Poinsettias are synonymous with Christmas. Native to the U.S. Southwest and Mexico, they are prized for their large scarlet blooms in the winter. In their native area they can grow to 10 feet tall. Poinsettias are most often purchased from nurseries, but seeds can be ordered from many of the major seed catalogues. Poinsettias are short day bloomers, meaning they require darkness in order to set flowers. You can force the blooms to have them in full colour by the holidays.
Sow one seed per pot right beneath the soil surface. Poinsettias do not need light to germinate. Keep the soil moist and warm until the seeds germinate in 1 to 2 weeks.
Set poinsettias near a fan to cut down on fungal attacks until the first few leaves grow in. The moving air will strengthen the plant and prevent fungus spores from settling.
Fertilise the poinsettia once a month during the warm months. Water when the soil becomes dry to the touch.
Force poinsettias to bloom before Christmas by placing in a dark room for 14 hours every night. Another option is to cover the plant in a black trash bag.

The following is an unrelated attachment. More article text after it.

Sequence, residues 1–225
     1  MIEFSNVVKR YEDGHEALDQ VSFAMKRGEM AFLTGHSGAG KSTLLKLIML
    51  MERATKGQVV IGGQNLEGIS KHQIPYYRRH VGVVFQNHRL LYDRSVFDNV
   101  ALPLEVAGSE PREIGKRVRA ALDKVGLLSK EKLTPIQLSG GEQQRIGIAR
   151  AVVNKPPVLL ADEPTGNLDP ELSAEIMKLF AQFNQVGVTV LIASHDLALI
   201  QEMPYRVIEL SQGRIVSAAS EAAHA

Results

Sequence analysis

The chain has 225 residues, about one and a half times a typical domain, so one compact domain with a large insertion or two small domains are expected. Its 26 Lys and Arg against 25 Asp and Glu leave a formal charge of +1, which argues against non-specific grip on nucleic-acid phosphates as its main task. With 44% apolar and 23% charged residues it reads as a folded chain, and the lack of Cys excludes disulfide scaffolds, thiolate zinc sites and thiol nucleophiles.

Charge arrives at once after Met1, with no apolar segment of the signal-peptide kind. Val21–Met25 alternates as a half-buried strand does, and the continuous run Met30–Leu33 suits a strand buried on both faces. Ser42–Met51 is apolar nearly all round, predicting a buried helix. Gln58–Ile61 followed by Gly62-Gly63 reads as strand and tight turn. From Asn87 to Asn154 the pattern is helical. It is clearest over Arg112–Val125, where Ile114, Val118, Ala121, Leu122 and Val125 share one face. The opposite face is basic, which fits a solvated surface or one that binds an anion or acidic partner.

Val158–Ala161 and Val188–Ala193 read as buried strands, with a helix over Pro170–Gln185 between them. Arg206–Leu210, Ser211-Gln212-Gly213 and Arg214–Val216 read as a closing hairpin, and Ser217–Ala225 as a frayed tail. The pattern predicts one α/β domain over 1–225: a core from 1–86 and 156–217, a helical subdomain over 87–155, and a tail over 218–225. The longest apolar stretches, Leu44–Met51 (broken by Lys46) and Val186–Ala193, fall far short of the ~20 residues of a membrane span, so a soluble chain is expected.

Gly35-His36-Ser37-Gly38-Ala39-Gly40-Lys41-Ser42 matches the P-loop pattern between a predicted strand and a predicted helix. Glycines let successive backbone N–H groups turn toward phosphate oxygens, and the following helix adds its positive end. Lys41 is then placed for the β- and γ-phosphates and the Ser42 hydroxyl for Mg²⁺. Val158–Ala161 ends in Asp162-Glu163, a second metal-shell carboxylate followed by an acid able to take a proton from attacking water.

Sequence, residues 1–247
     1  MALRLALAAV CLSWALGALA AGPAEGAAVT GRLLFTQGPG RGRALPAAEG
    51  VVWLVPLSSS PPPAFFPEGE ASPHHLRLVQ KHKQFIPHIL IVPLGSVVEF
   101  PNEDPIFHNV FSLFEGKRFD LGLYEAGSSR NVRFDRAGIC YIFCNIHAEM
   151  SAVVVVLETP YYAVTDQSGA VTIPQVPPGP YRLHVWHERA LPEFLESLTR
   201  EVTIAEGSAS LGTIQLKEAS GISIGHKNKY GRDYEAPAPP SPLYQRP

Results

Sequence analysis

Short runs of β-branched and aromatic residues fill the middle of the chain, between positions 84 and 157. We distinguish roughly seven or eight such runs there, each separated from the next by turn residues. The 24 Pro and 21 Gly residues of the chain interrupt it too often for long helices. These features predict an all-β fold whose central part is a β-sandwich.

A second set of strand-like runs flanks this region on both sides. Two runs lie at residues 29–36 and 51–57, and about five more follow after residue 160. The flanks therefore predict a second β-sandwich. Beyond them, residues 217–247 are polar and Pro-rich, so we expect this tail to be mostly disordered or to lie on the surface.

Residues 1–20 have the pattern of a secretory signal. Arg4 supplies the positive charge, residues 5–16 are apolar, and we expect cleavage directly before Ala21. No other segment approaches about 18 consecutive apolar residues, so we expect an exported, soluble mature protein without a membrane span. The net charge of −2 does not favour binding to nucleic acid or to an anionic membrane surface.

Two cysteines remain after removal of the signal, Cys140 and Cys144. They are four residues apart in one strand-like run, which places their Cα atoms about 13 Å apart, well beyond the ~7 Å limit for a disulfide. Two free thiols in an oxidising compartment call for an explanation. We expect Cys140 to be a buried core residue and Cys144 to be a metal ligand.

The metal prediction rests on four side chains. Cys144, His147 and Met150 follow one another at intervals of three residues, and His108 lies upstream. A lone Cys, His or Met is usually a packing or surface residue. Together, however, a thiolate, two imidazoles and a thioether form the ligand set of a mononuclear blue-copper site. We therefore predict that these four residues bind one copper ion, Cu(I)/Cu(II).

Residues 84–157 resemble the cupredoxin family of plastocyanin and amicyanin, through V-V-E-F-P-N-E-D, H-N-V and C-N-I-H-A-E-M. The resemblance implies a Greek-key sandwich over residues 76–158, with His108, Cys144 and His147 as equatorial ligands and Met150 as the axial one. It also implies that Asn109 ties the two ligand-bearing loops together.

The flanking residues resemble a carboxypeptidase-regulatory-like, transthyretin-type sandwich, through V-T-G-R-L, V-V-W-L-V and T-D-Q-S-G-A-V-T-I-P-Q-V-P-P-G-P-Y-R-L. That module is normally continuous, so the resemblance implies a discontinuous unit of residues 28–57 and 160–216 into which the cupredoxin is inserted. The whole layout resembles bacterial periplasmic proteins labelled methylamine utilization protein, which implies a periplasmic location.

Move poinsettias outside in the warm months and bring them back inside before the first frost.
Poinsettias can be trimmed with pruning scissors. Harvest seeds from existing plants by removing the seed pod after the bloom fades. Dry seeds thoroughly before planting.
Poinsettias are not poisonous but they may cause stomach aches if ingested by pets or people.
Tips and warnings
- Poinsettias can be trimmed with pruning scissors.
- Harvest seeds from existing plants by removing the seed pod after the bloom fades. Dry seeds thoroughly before planting.
- Poinsettias are not poisonous but they may cause stomach aches if ingested by pets or people.